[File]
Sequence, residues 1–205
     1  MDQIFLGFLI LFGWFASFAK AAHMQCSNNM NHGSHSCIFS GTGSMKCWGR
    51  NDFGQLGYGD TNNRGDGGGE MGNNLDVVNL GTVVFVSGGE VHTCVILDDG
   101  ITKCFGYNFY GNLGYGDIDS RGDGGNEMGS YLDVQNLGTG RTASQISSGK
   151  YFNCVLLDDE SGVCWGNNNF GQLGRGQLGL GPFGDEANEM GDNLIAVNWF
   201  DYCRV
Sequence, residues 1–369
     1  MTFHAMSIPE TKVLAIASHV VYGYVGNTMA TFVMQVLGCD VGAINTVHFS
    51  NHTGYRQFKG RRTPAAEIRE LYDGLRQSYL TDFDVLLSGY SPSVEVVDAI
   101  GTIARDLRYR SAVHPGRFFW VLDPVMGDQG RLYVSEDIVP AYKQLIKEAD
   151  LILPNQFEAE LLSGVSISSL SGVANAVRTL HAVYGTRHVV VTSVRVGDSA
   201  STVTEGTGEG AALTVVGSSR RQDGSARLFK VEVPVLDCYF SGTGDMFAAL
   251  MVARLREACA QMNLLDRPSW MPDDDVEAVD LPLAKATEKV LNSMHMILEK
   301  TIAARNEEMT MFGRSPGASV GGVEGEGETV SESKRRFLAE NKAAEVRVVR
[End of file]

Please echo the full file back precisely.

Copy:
Sequence, residues 1–205
     1  MDQIFLGFLI LFGWFASFAK AAHMQCSNNM NHGSHSCIFS GTGSMKCWGR
    51  NDFGQLGYGD TNNRGDGGGE MGNNLDVVNL GTVVFVSGGE VHTCVILDDG
   101  ITKCFGYNFY GNLGYGDIDS RGDGGNEMGS YLDVQNLGTG RTASQISSGK
   151  YFNCVLLDDE SGVCWGNNNF GQLGRGQLGL GPFGDEANEM GDNLIAVNWF
   201  DYCRV
Sequence, residues 1–369
     1  MTFHAMSIPE TKVLAIASHV VYGYVGNTMA TFVMQVLGCD VGAINTVHFS
    51  NHTGYRQFKG RRTPAAEIRE LYDGLRQSYL TDFDVLLSGY SPSVEVVDAI
   101  GTIARDLRYR SAVHPGRFFW VLDPVMGDQG RLYVSEDIVP AYKQLIKEAD
   151  LILPNQFEAE LLSGVSISSL SGVANAVRTL HAVYGTRHVV VTSVRVGDSA
   201  STVTEGTGEG AALTVVGSSR RQDGSARLFK VEVPVLDCYF SGTGDMFAAL
   251  MVARLREACA QMNLLDRPSW MPDDDVEAVD LPLAKATEKV LNSMHMILEK
   301  TIAARNEEMT MFGRSPGASV GGVEGEGETV SESKRRFLAE NKAAEVRVVR